Screening Room

MIPTV Picks: My Lai (Best in Show)

On March 16, 1968, American soldiers from the Bravo and Charlie companies entered the tiny hamlets of My Lai and My Khe in South Vietnam and embarked upon a mission that would come to symbolize for many worldwide the atrocity and senselessness of war.
March 31, 2010


On March 16, 1968, American soldiers from the Bravo and Charlie companies entered the tiny hamlets of My Lai and My Khe in South Vietnam and embarked upon a mission that would come to symbolize for many worldwide the atrocity and senselessness of war. On that day, hundreds of civilians – most of them women, children and elderly – were slaughtered, under order from each company’s commanding officer. The My Lai massacre prompted a cover-up, a subsequent inquiry, and one court martial conviction for murder. In this riveting doc created for PBS’ ‘American Experience,’ Barak Goodman (Scottsboro: An American Tragedy) revisits My Lai, framing eyewitness accounts from soldiers and survivors with archive video and recently discovered audio from the Peers Inquiry.

Partners: Ark Media (Brooklyn) for PBS, distributed through PBS International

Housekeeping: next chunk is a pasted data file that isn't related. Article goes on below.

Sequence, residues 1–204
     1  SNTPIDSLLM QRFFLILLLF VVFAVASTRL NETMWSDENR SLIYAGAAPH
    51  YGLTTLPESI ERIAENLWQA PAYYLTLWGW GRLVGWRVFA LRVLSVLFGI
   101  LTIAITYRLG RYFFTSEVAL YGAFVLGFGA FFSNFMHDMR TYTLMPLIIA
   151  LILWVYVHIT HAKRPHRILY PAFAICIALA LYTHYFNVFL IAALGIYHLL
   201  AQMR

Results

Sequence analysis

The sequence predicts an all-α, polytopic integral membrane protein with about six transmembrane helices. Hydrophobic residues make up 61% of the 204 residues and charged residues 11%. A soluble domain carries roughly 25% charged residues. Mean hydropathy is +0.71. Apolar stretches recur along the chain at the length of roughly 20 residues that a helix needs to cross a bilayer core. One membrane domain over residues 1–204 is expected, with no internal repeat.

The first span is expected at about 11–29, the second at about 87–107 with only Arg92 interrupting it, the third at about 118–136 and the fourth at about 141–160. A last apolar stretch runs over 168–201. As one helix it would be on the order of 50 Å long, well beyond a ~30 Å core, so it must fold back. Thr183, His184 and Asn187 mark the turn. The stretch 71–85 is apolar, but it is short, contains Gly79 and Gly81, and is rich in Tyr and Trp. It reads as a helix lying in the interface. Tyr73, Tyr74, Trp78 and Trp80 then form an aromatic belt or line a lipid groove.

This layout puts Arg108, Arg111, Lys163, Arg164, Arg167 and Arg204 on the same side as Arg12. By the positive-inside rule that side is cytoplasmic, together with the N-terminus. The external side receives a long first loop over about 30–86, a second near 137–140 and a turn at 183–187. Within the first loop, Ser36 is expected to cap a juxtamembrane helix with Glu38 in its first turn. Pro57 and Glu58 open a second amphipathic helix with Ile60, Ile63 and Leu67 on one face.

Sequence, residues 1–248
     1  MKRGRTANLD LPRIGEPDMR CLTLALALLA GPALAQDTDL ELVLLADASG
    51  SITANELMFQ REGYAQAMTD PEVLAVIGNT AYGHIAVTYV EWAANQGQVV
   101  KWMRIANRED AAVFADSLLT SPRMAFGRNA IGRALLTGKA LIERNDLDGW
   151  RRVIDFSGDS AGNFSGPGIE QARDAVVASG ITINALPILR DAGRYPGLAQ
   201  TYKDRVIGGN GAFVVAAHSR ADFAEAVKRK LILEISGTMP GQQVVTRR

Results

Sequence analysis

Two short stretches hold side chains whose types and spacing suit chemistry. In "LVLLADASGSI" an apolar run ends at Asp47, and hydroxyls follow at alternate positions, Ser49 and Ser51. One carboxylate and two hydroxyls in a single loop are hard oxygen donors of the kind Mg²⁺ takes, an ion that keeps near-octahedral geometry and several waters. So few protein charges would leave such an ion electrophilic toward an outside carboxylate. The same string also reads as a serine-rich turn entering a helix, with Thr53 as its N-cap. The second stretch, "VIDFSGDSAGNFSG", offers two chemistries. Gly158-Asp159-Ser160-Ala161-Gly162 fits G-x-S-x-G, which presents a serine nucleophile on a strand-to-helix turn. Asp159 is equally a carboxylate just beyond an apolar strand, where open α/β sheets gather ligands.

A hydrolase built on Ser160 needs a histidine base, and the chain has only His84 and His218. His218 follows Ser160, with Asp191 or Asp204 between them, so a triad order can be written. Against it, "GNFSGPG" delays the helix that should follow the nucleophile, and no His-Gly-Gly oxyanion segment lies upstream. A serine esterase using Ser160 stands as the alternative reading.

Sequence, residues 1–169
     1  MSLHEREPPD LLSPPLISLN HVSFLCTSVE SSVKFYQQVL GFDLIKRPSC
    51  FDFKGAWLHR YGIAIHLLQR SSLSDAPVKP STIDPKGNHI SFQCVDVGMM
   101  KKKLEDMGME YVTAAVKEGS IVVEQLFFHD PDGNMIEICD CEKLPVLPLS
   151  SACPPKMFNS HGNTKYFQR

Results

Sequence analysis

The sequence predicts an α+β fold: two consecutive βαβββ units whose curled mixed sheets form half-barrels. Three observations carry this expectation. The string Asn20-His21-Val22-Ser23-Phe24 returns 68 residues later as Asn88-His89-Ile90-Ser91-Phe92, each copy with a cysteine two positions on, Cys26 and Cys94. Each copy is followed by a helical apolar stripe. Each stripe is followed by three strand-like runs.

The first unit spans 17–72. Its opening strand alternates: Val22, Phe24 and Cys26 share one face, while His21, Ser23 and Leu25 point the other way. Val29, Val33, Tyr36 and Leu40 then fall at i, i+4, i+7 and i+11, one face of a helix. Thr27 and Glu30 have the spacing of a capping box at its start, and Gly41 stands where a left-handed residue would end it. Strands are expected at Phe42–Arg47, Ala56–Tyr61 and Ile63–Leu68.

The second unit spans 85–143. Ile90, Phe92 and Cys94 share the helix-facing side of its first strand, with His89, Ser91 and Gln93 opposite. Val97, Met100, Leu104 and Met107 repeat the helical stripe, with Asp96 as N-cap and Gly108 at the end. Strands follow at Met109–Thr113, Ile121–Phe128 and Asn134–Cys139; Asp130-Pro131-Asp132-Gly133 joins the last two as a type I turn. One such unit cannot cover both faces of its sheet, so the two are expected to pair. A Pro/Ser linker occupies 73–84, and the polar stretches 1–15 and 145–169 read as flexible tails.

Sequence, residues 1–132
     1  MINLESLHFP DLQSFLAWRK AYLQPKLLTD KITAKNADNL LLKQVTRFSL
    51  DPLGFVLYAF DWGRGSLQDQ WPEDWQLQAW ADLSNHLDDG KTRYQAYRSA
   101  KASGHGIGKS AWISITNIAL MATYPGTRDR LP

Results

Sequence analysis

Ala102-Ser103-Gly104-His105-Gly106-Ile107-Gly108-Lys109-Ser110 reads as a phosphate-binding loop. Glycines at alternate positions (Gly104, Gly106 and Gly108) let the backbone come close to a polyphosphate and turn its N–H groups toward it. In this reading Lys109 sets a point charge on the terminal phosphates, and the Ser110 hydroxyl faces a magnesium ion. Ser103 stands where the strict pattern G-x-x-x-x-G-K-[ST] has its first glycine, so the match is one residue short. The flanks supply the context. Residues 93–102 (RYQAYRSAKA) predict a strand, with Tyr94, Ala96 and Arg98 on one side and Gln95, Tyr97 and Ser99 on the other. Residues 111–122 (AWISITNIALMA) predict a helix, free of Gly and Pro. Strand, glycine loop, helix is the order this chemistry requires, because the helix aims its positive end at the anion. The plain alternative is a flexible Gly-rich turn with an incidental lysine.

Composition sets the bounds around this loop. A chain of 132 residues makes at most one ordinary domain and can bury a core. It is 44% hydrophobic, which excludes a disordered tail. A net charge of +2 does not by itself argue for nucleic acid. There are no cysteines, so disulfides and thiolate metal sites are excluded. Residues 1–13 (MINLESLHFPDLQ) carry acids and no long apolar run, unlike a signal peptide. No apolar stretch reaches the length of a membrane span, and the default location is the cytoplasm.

Length: 1 x 83 minutes

Airing: April 22, 2010 (PBS)

Rights available: Worldwide

About The Author
Andrew Tracy joined Realscreen as associate editor in 2021, following 17 years as managing editor of the award-winning international film magazine Cinema Scope. From 2010 to 2020 he also held the position of senior editor at the Toronto International Film Festival, where he oversaw the flagship publication for the organization’s year-round Cinematheque programming and edited its first original monograph in a decade, Steve Gravestock’s A History of Icelandic Film. He was a scriptwriter and consultant on the first season of the Vice TV series The Vice Guide to Film, and his writing and reporting have been featured in such outlets as Cinema Scope, Reverse Shot, Sight & Sound, Cineaste, Film Comment, MUBI Notebook, POV, and Montage.

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